All the glass and natural lighting make for a grand first impression - I loved first walking into the NYC upper westside store - but as soon as you walk up to a table you see how much of a design mistake it is. The glare it causes on iPads is actually quite significant. It's bad enough that it feels like they're trying to prove the Amazon Kindle ads are right.

Unless Apple is making this decision based on the fact that they know iPads and iPhones will not have glossy screens much longer.
post #11 of 30
Earthquake.

Crashing sound.

Death.
post #12 of 30
Quote:
Originally Posted by Orlando View Post

Was thinking the exact same thing. I wonder what the AC bill would be.

Probably pretty low.

In Santa Monica, average annual daily high is 66F, low is 56F, no humidity issues. The Pacific Ocean provides natural A/C and about three months of the year, you have a marine inversion layer to boot. Just ventilating the structure would probably be sufficient eight or nine months of the year with limited A/C use on the hottest days (mostly in August, September, October).

Prolonged heat spells on the Pacific coast are very rare. Usually after 2-3 days of heat, the marine layer will kick in.
post #13 of 30
Quote:
Originally Posted by WelshDog View Post

Earthquake.

Crashing sound.

Death.

Feel building shaking.

Leave store while turning on video camera.

Best earthquake pictures ever.
post #14 of 30
Quote:
Originally Posted by David Forbes View Post

I wonder if they're going to have issues with heating and cooling with so much glass on top?

Well... it might work if they use aerogel. We generally have to use R30 insulation to get the envelope to conform to Title 24 (energy code).

But glass... no way. You might be able to use a radiant floor and displacement ventilation to let hot air stratify at the top, but it would not be a comfortable space.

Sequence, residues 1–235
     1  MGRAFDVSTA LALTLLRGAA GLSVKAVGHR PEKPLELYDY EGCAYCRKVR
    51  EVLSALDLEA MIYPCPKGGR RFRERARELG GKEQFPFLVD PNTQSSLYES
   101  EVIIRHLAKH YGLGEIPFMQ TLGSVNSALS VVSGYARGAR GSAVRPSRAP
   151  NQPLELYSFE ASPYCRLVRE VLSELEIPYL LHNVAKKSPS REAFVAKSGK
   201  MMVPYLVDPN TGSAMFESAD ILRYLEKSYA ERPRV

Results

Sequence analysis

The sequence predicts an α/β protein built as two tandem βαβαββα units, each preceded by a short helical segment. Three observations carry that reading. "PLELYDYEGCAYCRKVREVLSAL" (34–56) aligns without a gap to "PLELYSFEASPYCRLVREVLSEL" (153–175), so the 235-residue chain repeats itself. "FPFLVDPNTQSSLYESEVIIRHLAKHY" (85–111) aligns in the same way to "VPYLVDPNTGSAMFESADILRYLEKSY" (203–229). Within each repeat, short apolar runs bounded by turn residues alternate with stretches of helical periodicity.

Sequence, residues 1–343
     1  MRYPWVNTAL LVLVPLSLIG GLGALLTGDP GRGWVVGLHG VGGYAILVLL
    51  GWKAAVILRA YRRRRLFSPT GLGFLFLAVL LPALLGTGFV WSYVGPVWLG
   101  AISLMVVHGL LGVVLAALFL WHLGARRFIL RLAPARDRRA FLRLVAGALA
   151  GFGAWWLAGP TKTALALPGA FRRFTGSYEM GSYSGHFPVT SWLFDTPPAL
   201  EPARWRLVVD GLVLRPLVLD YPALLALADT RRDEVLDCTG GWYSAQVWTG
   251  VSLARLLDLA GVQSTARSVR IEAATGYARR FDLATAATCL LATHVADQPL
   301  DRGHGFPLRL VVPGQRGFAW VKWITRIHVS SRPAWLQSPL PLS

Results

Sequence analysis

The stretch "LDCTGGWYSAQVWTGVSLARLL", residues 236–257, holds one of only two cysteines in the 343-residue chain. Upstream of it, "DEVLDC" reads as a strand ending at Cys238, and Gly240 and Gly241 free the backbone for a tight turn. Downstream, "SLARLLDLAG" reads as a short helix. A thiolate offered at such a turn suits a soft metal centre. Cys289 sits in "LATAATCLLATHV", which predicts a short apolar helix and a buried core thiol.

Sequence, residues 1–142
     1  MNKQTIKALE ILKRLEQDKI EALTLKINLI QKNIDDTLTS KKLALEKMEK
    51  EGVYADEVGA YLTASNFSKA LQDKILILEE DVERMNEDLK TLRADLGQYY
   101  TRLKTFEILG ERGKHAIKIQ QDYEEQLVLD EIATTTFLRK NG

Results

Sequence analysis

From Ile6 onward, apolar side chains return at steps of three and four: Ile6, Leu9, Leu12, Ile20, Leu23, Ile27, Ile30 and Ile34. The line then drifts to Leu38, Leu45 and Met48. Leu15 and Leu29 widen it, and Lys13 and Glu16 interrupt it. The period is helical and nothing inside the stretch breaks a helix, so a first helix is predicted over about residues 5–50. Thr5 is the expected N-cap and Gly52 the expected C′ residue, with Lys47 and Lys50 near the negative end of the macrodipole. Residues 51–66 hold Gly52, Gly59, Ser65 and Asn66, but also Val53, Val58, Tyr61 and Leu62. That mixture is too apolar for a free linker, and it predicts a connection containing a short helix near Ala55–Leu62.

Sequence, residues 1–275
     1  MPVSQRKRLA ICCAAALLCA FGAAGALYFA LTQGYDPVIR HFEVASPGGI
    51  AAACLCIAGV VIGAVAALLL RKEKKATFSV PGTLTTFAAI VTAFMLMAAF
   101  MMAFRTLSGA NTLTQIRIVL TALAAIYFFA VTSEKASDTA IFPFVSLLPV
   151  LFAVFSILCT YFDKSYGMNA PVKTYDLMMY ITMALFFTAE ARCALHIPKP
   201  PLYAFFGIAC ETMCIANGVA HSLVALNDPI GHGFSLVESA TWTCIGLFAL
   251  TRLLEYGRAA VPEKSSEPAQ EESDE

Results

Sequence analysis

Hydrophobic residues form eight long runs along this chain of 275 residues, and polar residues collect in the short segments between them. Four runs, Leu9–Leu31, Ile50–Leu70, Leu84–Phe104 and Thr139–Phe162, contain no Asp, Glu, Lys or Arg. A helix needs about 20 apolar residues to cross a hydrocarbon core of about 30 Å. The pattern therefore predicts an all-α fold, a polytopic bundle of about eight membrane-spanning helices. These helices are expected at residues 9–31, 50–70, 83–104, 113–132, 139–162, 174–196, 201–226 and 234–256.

post #15 of 30
Quote:
Originally Posted by cvaldes1831 View Post

Probably pretty low.

In Santa Monica, average annual daily high is 66F, low is 56F, no humidity issues. The Pacific Ocean provides natural A/C and about three months of the year, you have a marine inversion layer to boot. Just ventilating the structure would probably be sufficient eight or nine months of the year with limited A/C use on the hottest days (mostly in August, September, October).

Prolonged heat spells on the Pacific coast are very rare. Usually after 2-3 days of heat, the marine layer will kick in.

I've lived in Santa Monica. The problem is that much glass traps heat so whilst it might only be 66F outside without A/C it will be a lot hotter inside.
post #16 of 30
If you cover the roof and punch a hole in the wall it also looks like the one we have in chicago.

--SHEFFmachine out
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--SHEFFmachine out
Da Bears!
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post #17 of 30
You beat me to it.

I was visiting LA when the last big earthquake hit. I had just driven from Michigan (in under two days). I got there at about 1 in the morning. I checked into some cheap hotel in West Hollywood. I was awaken by the whole room violently being shaken. I never experienced an earthquake before so I thought this was normal. The shaken was so strong I couldn't have gotten out of bed if I wanted to so I put the blankets over my head and went back to sleep. I woke up the next day around noon and walked outside to see the National Guard lining the streets. Some buildings were leveled. A wall in the hotel I was staying at caved in on top of the pool. A mall a half mile away completely was destroyed. My friend lived in Santa Monica. Many of the buildings there suffered severe damage.

A glass ceiling doesn't seem so bright.


Quote:
Originally Posted by WelshDog View Post

Earthquake.

Crashing sound.

Death.
post #18 of 30
Quote:
Originally Posted by WelshDog View Post

Earthquake.

Crashing sound.

Death.

Yeah, you'd really be safer under a concrete or steel roof.

Originally Posted by Slurpy

There's just a TINY chance that Apple will also be able to figure out payments. Oh wait, they did already… …and you’re already f*ed.

 

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Originally Posted by Slurpy

There's just a TINY chance that Apple will also be able to figure out payments. Oh wait, they did already… …and you’re already f*ed.

 

Reply
post #19 of 30
That should be fun when an earthquake hits and shatters it into a billion pieces.
post #20 of 30
Anyone know where Apple buys their glass from? Probably worth an investment...

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post #21 of 30
Quote:
Originally Posted by Tallest Skil View Post

Yeah, you'd really be safer under a concrete or steel roof.

Yes, you would.
post #22 of 30
Quote:
Originally Posted by WelshDog View Post

Yes, you would.